Umeå University's logo

umu.sePublications
Change search
CiteExportLink to record
Permanent link

Direct link
Cite
Citation style
  • apa
  • ieee
  • modern-language-association-8th-edition
  • vancouver
  • Other style
More styles
Language
  • de-DE
  • en-GB
  • en-US
  • fi-FI
  • nn-NO
  • nn-NB
  • sv-SE
  • Other locale
More languages
Output format
  • html
  • text
  • asciidoc
  • rtf
Sim-to-real transfer of active suspension control using deep reinforcement learning
Umeå University, Faculty of Science and Technology, Department of Physics.
Umeå University, Faculty of Science and Technology, Department of Physics.
Umeå University, Faculty of Science and Technology, Department of Physics. (Digital fysik)
Skogforsk (the Forestry Research Institute of Sweden), Uppsala, Sweden.
Show others and affiliations
(English)Manuscript (preprint) (Other academic)
Abstract [en]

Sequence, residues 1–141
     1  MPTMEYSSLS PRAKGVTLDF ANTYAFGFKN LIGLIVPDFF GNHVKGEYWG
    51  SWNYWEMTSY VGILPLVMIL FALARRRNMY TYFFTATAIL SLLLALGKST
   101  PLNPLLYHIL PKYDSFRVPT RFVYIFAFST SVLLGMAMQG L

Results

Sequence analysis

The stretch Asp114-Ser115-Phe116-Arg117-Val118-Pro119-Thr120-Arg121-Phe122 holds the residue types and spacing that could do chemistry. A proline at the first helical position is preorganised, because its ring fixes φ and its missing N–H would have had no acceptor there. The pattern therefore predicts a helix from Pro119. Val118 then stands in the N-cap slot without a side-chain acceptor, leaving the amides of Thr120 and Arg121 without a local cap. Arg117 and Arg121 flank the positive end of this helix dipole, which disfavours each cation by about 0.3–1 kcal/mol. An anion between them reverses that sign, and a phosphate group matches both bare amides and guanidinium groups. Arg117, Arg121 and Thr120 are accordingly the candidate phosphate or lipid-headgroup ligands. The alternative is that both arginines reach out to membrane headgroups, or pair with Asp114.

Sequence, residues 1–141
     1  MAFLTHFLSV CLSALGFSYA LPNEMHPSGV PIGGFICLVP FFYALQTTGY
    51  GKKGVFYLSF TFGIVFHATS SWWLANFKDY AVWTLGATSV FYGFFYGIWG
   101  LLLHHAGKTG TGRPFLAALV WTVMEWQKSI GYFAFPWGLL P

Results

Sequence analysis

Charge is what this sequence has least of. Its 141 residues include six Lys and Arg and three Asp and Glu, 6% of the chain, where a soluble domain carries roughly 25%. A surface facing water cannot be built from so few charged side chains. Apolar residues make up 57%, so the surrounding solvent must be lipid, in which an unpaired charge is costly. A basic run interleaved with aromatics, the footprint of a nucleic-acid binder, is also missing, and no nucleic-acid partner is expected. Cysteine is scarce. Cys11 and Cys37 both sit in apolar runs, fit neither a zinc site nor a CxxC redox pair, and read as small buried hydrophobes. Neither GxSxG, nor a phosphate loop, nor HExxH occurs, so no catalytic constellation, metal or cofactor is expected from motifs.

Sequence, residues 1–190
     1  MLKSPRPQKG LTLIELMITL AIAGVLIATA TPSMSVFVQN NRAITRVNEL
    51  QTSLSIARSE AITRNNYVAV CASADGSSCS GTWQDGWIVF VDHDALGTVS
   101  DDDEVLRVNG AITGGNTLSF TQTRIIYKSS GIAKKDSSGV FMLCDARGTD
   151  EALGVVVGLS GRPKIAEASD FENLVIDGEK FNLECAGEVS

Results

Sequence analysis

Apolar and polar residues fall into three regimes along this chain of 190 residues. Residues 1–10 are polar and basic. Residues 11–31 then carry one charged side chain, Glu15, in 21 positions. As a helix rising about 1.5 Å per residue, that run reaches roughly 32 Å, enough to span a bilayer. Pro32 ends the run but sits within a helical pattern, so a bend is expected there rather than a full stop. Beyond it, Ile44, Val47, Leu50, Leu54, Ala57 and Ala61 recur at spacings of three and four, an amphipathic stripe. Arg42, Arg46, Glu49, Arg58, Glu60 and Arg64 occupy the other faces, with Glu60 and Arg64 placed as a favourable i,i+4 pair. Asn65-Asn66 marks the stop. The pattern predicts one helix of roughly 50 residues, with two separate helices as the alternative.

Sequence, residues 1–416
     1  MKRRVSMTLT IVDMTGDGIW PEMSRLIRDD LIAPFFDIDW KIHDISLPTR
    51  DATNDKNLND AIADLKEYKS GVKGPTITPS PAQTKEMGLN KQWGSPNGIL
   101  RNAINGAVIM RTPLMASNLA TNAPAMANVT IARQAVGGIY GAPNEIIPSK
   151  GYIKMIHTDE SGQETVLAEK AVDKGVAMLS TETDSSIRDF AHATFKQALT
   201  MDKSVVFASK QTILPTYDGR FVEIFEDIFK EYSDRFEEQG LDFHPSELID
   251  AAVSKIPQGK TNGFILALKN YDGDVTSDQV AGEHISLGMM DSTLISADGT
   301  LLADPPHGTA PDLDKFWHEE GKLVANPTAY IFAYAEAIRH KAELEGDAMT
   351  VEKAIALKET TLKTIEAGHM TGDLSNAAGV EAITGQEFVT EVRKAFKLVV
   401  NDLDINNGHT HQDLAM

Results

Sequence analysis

We explore sim-to-real transfer of deep reinforcement learning controllers for a heavy vehicle with active suspensions designed for traversing rough terrain. While related research primarily focuses on lightweight robots with electric motors and fast actuation, this study uses a forestry vehicle with a complex hydraulic driveline and slow actuation. We simulate the vehicle using multibody dynamics and apply system identification to find an appropriate set of simulation parameters. We then train policies in simulation using various techniques to mitigate the sim-to-real gap, including domain randomization, action delays, and a reward penalty to encourage smooth control. In reality, the policies trained with action delays and a penalty for erratic actions perform at nearly the same level as in simulation. In experiments on level ground, the motion trajectories closely overlap when turning to either side, as well as in a route tracking scenario. When faced with a ramp that requires active use of the suspensions, the simulated and real motions are in close alignment. This shows that the actuator model together with system identification yields a sufficiently accurate model of the actuators. We observe that policies trained without the additional action penalty exhibit fast switching or bang-bang control. These present smooth motions and high performance in simulation but transfer poorly to reality. We find that policies make marginal use of the local height map for perception, showing no indications of look-ahead planning. However, the strong transfer capabilities entail that further development concerning perception and performance can be largely confined to simulation.